There is a difference with bith options for fraternal and ID twins.
Fraternal twins are considered "safter" to deliver vaginally because there are 2 palcentas (althought they can merge, no BLOOD vessels can merge), so it is really like 2 separate singelton births, one after the other.
The risk in ID births is do to with the SHARED placenta, thus the sharing of blood vessels and blood supply. Twin To Twin Transfusion Syndrome (TTTS) is a rare, but extemely dangerous disorder of the placenta in identical multiples. It happens when there is uneven blood distribution between the twins. One twin becomes a donor and the other a recipient. 10-15 years ago, this diease was not detectable let alone treatable and many twins died inutero or during vaginal births. Detection is via ultrasound of linked blood supplies. If detected before 16 weeks, nothing can be done and most twins die. Between 16-25 weeks, laser surgery can be performed, but this is dangerous and only some pregnancies survive. The uneven blood vessels are lased away to make the flow even. If TTTS is detected after 25 weeks, delivery is the only way for the twins to survive.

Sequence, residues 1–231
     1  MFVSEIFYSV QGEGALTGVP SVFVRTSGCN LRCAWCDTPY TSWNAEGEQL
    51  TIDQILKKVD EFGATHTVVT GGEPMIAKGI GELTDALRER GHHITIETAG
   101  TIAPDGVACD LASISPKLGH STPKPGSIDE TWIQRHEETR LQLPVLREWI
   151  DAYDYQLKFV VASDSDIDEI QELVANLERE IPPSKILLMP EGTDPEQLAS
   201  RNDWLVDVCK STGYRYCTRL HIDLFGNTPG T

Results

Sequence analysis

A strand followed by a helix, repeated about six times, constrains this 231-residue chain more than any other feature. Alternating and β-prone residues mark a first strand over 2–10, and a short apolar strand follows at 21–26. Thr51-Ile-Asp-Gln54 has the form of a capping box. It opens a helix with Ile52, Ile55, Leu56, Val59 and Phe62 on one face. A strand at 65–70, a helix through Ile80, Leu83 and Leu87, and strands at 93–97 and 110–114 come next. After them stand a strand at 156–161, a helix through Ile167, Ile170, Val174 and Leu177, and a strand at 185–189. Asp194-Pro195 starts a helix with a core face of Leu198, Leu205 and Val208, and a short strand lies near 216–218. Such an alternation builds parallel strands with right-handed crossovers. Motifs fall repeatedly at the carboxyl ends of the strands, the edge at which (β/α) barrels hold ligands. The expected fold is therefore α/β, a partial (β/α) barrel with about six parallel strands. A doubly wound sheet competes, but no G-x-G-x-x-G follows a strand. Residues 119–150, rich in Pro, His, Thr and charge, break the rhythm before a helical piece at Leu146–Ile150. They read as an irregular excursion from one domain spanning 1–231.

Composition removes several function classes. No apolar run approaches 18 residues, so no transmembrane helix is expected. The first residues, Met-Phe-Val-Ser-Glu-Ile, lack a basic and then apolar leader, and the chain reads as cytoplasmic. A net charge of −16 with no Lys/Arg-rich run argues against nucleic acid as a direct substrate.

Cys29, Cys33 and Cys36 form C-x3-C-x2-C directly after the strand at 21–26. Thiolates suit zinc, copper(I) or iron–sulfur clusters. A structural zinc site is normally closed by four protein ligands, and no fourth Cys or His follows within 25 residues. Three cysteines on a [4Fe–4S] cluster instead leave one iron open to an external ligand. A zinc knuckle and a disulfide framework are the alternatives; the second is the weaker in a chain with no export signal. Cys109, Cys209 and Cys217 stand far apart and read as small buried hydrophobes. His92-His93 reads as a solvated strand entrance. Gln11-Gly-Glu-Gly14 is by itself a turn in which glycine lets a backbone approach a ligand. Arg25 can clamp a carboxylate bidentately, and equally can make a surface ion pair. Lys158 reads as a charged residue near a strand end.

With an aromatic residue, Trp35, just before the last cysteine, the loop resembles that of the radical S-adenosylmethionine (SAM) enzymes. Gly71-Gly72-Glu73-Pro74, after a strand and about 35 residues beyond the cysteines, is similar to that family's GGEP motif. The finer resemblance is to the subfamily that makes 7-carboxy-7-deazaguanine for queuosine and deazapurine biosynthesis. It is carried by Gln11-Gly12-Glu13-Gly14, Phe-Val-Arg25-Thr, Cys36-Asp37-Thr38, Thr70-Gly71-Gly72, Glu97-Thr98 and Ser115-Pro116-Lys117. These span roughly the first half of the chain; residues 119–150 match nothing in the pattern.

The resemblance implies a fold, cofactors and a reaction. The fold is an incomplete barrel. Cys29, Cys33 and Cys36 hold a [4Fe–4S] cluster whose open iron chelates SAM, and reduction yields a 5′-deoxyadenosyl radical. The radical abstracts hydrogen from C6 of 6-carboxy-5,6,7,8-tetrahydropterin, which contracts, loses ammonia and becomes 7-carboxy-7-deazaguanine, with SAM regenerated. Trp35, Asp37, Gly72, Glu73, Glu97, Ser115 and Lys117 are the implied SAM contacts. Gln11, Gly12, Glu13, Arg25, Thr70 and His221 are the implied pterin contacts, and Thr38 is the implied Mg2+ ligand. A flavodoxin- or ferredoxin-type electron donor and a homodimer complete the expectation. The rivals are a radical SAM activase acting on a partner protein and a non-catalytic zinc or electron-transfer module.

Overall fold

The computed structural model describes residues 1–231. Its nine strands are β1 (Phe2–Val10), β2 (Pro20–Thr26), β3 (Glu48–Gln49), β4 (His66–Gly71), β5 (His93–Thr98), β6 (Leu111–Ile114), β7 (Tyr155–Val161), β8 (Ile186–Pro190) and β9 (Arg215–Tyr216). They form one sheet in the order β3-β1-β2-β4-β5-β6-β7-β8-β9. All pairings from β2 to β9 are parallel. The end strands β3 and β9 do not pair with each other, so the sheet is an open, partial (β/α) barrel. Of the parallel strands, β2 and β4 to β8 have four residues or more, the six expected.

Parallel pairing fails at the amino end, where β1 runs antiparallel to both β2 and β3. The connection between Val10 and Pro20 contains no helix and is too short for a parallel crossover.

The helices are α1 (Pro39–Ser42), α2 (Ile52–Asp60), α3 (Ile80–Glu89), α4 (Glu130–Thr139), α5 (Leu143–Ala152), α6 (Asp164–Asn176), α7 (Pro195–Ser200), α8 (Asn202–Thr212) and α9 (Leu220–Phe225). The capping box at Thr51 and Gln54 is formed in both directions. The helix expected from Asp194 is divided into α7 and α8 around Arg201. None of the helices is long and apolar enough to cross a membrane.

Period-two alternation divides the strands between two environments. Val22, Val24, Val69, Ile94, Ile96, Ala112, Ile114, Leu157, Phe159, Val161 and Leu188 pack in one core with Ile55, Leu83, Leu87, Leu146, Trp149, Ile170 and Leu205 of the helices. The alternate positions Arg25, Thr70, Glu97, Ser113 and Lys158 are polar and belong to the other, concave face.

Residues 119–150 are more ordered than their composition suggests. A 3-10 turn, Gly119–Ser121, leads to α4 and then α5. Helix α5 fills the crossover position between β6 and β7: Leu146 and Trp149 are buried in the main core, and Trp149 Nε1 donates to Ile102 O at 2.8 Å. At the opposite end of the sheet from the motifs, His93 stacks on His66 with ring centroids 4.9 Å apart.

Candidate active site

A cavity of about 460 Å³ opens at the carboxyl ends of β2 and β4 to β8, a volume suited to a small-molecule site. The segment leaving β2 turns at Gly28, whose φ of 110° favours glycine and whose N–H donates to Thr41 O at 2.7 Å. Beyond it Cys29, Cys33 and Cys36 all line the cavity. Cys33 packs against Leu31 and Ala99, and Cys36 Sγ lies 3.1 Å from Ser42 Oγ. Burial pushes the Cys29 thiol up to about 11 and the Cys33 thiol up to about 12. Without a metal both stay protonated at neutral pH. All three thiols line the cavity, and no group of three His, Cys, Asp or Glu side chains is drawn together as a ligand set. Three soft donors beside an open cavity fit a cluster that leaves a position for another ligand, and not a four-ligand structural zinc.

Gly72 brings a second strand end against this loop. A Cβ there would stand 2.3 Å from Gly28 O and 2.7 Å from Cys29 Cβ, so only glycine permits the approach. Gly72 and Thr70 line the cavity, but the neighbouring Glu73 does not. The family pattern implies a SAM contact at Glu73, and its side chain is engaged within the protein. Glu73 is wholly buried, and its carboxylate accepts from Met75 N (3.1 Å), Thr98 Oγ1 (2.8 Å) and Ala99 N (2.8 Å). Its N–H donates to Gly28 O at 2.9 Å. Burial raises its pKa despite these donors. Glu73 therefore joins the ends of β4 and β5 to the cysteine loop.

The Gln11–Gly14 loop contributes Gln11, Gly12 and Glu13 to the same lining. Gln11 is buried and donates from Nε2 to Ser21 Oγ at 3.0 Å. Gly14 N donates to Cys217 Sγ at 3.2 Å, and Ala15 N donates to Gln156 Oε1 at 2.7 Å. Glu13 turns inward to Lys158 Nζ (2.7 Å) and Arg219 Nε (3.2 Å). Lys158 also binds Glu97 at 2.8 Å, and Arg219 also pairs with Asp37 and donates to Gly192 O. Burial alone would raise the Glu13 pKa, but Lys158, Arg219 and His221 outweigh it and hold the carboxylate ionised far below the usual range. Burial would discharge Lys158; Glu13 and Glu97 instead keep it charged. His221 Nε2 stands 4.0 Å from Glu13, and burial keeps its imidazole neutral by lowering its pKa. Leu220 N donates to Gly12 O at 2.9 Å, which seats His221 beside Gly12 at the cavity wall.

Then there is the Acute form of TTTS. This form can happen literally within hours. The blood flow reverses rapidly and both twins can die within hours. One day you may have a routine scan with no detection and 24 hours later the babies can be dead. Luckily I had a scan at the right time when acute TTTS was detected and I had my girls 20 minutes later. My recipent twin had a liver 3 times normal size and had begun organ failure. I am blessed both girls survived.
The danger of vaginal births with ID twins is that the acute TTTS can actually happen during the delivery. The babies are not safe until the second twin is clamped. Because they share the same blood supply, twin one may be being born and the blood supply suddenly reverses and twin two will pass away before being born. It can happen and does happen that quickly. There is a TTTS support group with many very sad stories like this. TTTS is not given the coverage it should, many GPs are unaware if it and every pregant woman should try to have a scan at around 11 weeks to measure the membrane to see if they are ID twins. If they have, they should be monitored by a TTTS specialist and have weekly scans.
I hope that explains why doctors are cautious about vaginal births with ID twins...TTTS doesn't happen with every ID birth, but if you are unlucky enough to have experienced it, you go the safest option.